Written by Herald Staff, email@example.com Thursday, 02 January 2014 10:34
A record field of 1,266 runners and walkers crossed the finish line on Saturday morning, Dec. 21 at the 26th annual Carter, DeLuca, Farrell & Schmidt Ho Ho Ho 5 Kilometer Run, which started and finished at the John F. Kennedy Middle School in Bethpage.
Mark Valentino of Smithtown and Nick DiBenedetto of Wantagh went stride for stride for the entire race, with Valentino repeating his 2012 win by edging out DiBenedetto at the finish line by less than a second. Katie McGrath of Oakdale had a much easier time of it, winning the women’s division by 42 seconds over Lauren Jasinski of Plainview.
Top local finishers were Tim Mahony of Syosset, who scored in 11th place overall and third in the 15 to 19 age group, and Lauren Jasinski of Plainview, who finished as the second woman overall and first woman in the 35 to 39 age group.
Other locals winning awards in this year’s Ho Ho Ho Run were Shari Klarfeld of Plainview (4th woman overall, 1st 30-34 age group), Georgia Belle Cagna of Plainview (2nd woman 10 and under age group), Gina Ferraro of Syosset (2nd woman 35-39 age group), Patty Santella of Syosset (3rd woman 45-49 age group), Kim Solomine of Syosset (2nd woman 55-59 age group), Janet Healy of Syosset (1st woman 60-64 age group), Pamela Lee of Syosset (2nd woman 60-64 age group), Constance Sehlmeyer of Syosset (1st woman 65-69 age group), Howard Kestenbaum of Plainview (2nd 80-84 age group), and Bert Jablon of Syosset (1st 85-89 age group).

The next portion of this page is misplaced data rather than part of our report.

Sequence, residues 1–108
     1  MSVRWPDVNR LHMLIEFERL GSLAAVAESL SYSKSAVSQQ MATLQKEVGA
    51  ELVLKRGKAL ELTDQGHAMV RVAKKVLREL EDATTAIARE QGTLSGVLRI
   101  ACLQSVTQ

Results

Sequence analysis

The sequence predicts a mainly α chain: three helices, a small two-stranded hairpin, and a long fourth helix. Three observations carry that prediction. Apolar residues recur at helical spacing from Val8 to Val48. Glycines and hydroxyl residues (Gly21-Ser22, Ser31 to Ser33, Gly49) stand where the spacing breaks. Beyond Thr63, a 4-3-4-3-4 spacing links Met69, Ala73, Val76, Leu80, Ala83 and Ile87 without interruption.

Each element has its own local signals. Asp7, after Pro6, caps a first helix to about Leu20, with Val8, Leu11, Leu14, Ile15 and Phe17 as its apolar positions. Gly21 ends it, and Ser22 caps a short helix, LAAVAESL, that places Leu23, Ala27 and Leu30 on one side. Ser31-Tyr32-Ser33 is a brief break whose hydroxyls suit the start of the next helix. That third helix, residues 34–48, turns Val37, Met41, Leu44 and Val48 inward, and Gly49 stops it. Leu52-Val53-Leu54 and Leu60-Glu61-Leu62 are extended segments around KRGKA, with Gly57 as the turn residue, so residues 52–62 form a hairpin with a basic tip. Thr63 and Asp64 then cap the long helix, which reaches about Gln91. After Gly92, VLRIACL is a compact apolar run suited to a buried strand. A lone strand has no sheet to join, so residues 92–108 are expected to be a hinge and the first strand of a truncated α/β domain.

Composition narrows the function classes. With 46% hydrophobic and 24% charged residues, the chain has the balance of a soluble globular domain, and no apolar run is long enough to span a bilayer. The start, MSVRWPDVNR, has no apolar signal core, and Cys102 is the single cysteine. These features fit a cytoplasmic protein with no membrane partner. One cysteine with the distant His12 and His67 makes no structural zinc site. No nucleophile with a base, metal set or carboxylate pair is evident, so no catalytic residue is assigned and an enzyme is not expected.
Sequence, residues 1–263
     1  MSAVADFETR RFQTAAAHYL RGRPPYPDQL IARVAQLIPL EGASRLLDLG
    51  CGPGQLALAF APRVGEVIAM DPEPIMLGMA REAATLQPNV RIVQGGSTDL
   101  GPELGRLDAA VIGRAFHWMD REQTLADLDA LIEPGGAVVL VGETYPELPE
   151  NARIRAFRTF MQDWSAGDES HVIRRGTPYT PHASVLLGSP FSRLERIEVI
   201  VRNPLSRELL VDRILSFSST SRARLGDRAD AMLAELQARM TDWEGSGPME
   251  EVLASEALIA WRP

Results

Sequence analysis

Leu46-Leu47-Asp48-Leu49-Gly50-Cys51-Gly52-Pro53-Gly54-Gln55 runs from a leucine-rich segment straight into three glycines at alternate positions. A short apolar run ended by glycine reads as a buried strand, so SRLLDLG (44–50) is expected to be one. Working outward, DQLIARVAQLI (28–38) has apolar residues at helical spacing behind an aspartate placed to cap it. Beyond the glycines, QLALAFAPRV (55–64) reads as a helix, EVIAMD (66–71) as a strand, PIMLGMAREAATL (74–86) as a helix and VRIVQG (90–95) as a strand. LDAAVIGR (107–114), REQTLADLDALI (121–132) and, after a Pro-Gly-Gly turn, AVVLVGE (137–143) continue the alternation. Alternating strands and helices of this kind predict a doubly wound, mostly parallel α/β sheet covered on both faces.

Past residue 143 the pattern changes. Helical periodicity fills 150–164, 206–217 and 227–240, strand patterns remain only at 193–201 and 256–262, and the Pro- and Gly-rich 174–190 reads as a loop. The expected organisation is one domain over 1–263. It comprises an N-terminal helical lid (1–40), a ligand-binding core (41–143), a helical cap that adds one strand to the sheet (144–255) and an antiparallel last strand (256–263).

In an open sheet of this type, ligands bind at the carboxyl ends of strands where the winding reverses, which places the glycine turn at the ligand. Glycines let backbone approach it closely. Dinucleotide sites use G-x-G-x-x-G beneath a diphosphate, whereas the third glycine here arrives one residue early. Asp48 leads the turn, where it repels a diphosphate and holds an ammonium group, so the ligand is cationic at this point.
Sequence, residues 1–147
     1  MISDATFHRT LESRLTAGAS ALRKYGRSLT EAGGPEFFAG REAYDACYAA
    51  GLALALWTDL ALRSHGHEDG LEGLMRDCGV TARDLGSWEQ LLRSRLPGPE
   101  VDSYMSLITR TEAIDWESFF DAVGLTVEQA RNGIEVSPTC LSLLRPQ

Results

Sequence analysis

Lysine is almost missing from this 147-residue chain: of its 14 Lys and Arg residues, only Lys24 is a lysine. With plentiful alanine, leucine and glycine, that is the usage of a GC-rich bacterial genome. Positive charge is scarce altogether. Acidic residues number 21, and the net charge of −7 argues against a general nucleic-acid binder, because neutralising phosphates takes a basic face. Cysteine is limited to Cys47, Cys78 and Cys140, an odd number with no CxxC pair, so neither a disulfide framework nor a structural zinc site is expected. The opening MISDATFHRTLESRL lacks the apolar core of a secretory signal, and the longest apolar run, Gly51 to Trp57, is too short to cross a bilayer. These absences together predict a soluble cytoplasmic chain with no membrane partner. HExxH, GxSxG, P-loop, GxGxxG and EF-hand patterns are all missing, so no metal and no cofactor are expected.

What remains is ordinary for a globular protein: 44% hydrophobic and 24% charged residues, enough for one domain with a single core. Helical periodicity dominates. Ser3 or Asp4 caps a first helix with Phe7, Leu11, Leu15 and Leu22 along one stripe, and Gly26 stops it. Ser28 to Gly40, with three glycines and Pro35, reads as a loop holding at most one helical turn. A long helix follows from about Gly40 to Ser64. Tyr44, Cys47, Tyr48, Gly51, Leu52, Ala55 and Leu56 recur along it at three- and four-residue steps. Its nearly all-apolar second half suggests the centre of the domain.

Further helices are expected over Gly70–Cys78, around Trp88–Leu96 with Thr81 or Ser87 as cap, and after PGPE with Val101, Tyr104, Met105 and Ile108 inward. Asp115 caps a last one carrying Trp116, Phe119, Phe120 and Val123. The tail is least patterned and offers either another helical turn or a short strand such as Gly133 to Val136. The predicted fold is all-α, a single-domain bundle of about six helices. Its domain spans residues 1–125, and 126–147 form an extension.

The charitable beneficiary of the Run was once again The Opening Word, a program run by the Dominican Sisters to teach English and other skills to poor uneducated immigrant women.
The Run was managed by the Greater Long Island Running Club, with GLIRC’s Ric DiVeglio serving as the Run Director. The key sponsors were the leading Long Island Intellectual Property law firm of Carter, DeLuca, Farrell & Schmidt, and local 338 RWDSU/UFCW.
Sunday, 23 November 2014 00:00
The Long Island Rail Road (LIRR) has frustrated commuters for years with it’s ridiculous fares, limited trains and constant problems, especially during the rush hour ride home.
Though the MTA is making an effort to add more trains to the schedule, that doesn’t ease the parking situation, which is operated not by the LIRR, but by individual municipalities in each town.
Saturday, 22 November 2014 00:00
After surviving the “Cold Blooded” episode last week, the eight remaining contestants on Ink Master faced off in a “Flash Challenge” testing their ability to use finesse. The tougher the situation, the more finesse an artist needs to create a masterpiece, and this week was no exception.
Artists were given five hours to tattoo amputees. The residual limb left behind after an amputation can be badly traumatized, unusually shaped and scarred. The artists were challenged to create a phenomenal tattoo on the residual limb to make these amputees love the part of their body they are missing. Although all of the contestants created beautiful designs, Bethpage’s Erik Siuda’s incorporation of the scar tissue and pre-existing tattoo into his design showed the most finesse.